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Valley looks into bannng plastic bags

With Los Angeles recently banning the use of plastic bags, the issue is being brought to light here in our valley once again. The city of Palm Desert is still trying to pass that ban, but the success of that ordinance may lie in the hands of the rest of the desert cities.

The Coachella Valley Association of Governments (CVAG) is discussing the possibility of banning plastic bags — not just in one city.

When you check out at the grocery store, its as simple as one, two, three.

However, when you leave the grocery store, plastic bags can get very complicated. Palm Desert continues to vie for the ban of single-use plastic bags. With the potential ordinance, there will be either a ban or a tax.

A ban means no plastic bags — you’d use paper or reusable bags.

A tax means a charge to use plastic. Los Angeles recently banned plastic bags — the largest city in the country to do so.

“It kind of spurs some questions and gets people asking ‘Is this something we should do?'” Michele Mician, the Palm Springs Sustainability manager, said.

Backers of the bag ban say the move will improve the city’s environment and save taxpayers money on trash cleanup. What does it take for the ban to happen right here at home?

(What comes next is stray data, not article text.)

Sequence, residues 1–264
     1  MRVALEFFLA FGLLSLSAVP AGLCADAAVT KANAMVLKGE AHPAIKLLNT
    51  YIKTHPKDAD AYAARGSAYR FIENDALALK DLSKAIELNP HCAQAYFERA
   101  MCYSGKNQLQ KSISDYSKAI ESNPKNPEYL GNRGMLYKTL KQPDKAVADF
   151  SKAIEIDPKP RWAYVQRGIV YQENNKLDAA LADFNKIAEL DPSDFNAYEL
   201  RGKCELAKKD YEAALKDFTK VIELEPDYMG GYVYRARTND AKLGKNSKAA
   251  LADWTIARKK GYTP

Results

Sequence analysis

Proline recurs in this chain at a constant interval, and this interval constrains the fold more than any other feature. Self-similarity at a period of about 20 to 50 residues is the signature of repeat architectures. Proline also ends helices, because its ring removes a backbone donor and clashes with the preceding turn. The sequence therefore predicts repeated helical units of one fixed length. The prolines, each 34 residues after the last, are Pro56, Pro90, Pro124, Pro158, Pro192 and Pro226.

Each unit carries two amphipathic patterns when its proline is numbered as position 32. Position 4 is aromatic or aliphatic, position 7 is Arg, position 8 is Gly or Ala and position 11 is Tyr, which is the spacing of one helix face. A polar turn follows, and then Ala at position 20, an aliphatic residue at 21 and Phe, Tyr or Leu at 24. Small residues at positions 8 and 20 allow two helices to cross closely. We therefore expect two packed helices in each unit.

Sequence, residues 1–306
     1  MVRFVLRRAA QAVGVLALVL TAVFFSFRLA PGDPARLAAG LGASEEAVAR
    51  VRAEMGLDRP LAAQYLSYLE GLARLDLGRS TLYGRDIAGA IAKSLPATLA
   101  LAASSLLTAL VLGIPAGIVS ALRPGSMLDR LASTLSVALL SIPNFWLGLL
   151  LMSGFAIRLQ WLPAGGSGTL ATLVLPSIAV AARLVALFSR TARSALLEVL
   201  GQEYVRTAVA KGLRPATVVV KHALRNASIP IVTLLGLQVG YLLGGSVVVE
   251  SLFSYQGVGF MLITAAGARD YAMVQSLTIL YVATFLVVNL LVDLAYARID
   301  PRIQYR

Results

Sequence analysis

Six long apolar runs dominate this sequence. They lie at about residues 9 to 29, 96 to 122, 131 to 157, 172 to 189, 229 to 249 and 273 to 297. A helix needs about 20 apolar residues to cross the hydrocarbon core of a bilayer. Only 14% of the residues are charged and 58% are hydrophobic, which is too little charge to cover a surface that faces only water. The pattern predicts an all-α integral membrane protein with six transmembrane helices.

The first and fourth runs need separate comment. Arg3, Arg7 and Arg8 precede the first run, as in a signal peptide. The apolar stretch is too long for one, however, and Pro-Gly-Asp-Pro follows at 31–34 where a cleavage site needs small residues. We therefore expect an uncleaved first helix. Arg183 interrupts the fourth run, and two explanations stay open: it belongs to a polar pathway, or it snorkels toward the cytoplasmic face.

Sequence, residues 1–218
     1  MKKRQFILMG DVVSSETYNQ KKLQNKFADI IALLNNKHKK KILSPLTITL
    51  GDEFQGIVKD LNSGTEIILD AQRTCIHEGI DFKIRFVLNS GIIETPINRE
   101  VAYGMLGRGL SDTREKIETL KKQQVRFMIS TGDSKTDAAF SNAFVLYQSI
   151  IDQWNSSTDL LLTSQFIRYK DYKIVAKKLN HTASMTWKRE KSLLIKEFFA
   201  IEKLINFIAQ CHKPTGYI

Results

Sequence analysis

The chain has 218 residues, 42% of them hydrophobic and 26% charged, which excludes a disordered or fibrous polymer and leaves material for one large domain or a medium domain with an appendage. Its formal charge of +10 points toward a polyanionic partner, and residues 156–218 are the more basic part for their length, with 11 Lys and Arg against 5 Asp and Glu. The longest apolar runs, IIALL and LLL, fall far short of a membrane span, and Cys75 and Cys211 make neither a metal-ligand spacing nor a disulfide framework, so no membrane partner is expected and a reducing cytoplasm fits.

“If resolutions and ordinances are passed across the valley, it’s easier for a city to adopt it,” Mician said.

Indio is trying to pass a plastic bag ordinance. The city of Palm Springs is looking at the possibility of trying to implement one.

“They’re bad for the environment, just like plastic bottles, and we should get rid of them,” Grant said.

The City of Palm Desert’s youth group helped the city get the feedback it needs — with a survey of Palm Desert High School students.

“This cannot just happen in Palm Desert. If we do that, then anyone can go to a neighboring city and avoid the tax,” Palm Desert High School sophomore Andrew Mehta said.

Despite strong green support, the ordinance, because of opposition, is definitely not in the bag.

“I don’t know if they really hurt the environment as much as they say it does,” La Quinta resident Paul Camer said.

The potential ordinance won’t be on the Palm Desert City council’s agenda until around November.

KESQ News Team

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